Netflix suggested that ‘I might like’ to watch When A Woman Ascends The Stairs by Mikio Naruse They were right. Ever since, I have made a study of that underappreciated master. Unfortunately, all that was available in Region 1 format was the aforementioned masterpiece as well as five silent films, all from Criterion. I read longingly of films that I despaired of ever seeing, films with intriguing titles like Floating Clouds, The Sound of the Mountain and Lightning. I kept watching When A Woman Ascends The Stairs, amazed at how such a work of genius was hardly known, and foisting it on anyone who would sit still for it.
Much to my amazement, this past winter, the University of Chicago’s Doc Films programmed a series featuring the collaboration of Naruse with his muse, the actress Hideko Takemine, who so reluctantly ascends those stairs. Week after week, I sat in the Max Palevsky Theater transfixed. I was also thrilled that the theater was packed every week. Since those glorious ten weeks, I was able to get my hands on copies of some of the films shown in the series, as well as others I had only read about.
Which brings me to Meshi. The film stars the legendary Setsuko Hara, who was the muse of Yasujiro Ozu. It subtly depicts the unraveling of a marriage. After soul-crushing years of cooking and cleaning for her husband in Osaka, Hara reaches a breaking point and returns on what seems like a permanent visit to her mother and siblings in Tokyo. After some time, the husband appears in Tokyo. The two of them stroll the streets, discussing what their future might be.
Their conversation is interrupted by a bunch of young men in some kind of costume, playing music, circling an ornate box of some kind and generally making a large commotion. Husband and wife look at each other, smile and begin the mending of the relationship.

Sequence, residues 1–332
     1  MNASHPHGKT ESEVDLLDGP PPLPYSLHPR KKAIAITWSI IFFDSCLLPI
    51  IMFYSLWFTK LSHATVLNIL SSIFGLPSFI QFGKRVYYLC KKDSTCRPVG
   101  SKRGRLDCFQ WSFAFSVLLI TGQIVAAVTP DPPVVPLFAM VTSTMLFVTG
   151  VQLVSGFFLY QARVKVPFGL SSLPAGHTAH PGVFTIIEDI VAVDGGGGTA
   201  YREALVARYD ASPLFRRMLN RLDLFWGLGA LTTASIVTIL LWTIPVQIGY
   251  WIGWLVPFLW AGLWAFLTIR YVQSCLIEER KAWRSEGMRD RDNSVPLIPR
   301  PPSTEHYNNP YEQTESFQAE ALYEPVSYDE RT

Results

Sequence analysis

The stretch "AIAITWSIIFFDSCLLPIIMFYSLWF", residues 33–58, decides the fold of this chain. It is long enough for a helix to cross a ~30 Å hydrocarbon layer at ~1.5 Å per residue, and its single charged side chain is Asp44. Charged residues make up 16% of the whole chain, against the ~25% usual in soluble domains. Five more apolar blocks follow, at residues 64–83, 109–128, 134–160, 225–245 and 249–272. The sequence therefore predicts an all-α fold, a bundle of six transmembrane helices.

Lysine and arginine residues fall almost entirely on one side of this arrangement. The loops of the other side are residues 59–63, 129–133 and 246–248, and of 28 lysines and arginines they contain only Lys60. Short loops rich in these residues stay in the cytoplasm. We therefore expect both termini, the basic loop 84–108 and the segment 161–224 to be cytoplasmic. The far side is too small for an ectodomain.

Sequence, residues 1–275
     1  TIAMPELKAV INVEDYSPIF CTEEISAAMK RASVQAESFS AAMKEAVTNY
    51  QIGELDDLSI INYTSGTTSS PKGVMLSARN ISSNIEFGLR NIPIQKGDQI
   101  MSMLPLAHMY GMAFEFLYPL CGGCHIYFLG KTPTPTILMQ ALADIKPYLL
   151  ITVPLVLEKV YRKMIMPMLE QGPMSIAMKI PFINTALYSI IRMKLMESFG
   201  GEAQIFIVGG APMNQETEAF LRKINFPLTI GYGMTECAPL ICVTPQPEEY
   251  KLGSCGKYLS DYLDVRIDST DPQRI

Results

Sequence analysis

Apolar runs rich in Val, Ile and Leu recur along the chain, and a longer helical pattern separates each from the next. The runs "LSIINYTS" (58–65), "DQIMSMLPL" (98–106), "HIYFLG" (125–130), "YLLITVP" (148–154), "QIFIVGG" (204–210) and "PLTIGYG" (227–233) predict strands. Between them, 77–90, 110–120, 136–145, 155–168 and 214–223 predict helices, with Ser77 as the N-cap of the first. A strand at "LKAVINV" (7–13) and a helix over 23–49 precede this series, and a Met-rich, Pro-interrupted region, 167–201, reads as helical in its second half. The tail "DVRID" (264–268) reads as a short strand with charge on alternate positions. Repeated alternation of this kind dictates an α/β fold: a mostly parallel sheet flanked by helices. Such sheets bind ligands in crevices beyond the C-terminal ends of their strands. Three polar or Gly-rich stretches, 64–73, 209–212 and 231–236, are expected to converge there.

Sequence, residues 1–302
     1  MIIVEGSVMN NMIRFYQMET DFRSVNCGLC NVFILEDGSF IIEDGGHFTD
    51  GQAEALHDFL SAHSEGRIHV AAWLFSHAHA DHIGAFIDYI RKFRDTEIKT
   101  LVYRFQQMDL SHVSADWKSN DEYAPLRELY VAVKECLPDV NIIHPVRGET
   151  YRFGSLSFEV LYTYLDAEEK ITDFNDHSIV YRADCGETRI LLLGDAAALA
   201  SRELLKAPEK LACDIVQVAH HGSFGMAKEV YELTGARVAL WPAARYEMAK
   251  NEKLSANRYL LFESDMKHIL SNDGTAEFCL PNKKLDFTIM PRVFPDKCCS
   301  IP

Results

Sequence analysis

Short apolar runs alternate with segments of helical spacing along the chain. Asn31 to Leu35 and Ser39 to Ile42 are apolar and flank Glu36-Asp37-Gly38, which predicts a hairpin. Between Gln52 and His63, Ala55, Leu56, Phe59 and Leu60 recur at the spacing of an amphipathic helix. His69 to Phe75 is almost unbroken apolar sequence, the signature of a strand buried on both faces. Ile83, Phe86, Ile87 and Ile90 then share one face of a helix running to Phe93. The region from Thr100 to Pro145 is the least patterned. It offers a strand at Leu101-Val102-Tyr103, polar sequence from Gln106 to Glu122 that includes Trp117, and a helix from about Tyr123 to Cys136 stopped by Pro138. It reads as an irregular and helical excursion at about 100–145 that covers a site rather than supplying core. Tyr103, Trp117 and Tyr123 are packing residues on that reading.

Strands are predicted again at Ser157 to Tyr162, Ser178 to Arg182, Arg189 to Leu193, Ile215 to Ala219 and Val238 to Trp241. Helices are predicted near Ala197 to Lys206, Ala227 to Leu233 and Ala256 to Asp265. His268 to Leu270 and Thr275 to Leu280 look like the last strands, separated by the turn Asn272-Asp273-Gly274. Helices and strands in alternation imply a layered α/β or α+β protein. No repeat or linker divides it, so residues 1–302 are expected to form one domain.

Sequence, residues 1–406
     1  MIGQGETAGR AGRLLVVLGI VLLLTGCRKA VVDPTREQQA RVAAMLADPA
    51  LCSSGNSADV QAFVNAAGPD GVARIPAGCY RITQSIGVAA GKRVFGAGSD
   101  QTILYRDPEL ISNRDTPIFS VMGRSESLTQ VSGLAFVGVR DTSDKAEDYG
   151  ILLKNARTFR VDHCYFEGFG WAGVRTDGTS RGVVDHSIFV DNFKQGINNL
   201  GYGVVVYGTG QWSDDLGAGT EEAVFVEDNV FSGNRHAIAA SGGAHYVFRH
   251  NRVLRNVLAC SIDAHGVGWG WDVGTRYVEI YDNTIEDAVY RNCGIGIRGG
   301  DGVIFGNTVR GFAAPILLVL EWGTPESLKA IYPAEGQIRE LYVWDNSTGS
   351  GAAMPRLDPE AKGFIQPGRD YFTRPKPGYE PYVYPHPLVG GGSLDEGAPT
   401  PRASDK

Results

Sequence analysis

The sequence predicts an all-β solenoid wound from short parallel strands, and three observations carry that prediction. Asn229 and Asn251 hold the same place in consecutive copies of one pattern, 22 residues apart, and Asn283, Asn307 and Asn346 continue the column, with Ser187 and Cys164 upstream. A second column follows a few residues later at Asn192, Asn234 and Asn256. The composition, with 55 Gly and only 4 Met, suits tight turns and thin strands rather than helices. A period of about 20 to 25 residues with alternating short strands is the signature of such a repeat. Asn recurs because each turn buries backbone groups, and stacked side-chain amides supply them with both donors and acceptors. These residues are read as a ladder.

This incident which was so well understood by the characters baffled me. Of course, I was able to say to myself : ‘This ceremony is well known to a Japanese audience and either its significance or the nostalgia it evokes creates a healing bond between the characters. Don’t worry about the specifics.’ I remained engrossed until the end of the picture.
I have immersed myself in all things Japanese for several years now, with a special concentration on Japanese film. Good background reading, ranging from the wonderful Criterion Collection liner notes to Donald Richie’s magisterial A Hundred Years of Japanese Film, has been my Baedeker’s on my journey into Japanese culture and history. However, this scene jolted me. I felt face to face with the unknowable. Sure, I could intellectualize the import of what I saw, but I would never know it on a gut level the way a Japanese audience would. That thought made feel that a full-scale assault on Japanese film was doomed. The world I was intoxicated with was just too vast and too ‘other’ for me to completely lose myself in.
This began to seem a little too dramatic to me, so I began to think of similar experiences in other films. I remembered the scene in The Best Years of Our Lives when the Dana Andrews character is working as a soda jerk and his service in the war is belittled by a yahoo wearing a prominently displayed American Flag pin. After making Andrews feel like a chump for his war service, the guy flashes the pin with a knowing smirk and Andrews goes ballistic. And I have no idea what that pin signifies. Once again, in the moment of watching the film I can tell myself ‘OK, this is some kind of isolationist jerk who clearly does not understand what our hero has been through. That’s enough for now’. And of course it is. The audience of 1946 probably would know automatically what the pin and the guy wearing it signify. The immediacy of that knowledge has receded with time. Just like the immediacy of the ceremony in Meshi recedes behind a cultural mist.
The moral of the story is that you do assimilate by understanding the best you can. One’s inconclusive attempts at understanding do bring you close to a kind of truth.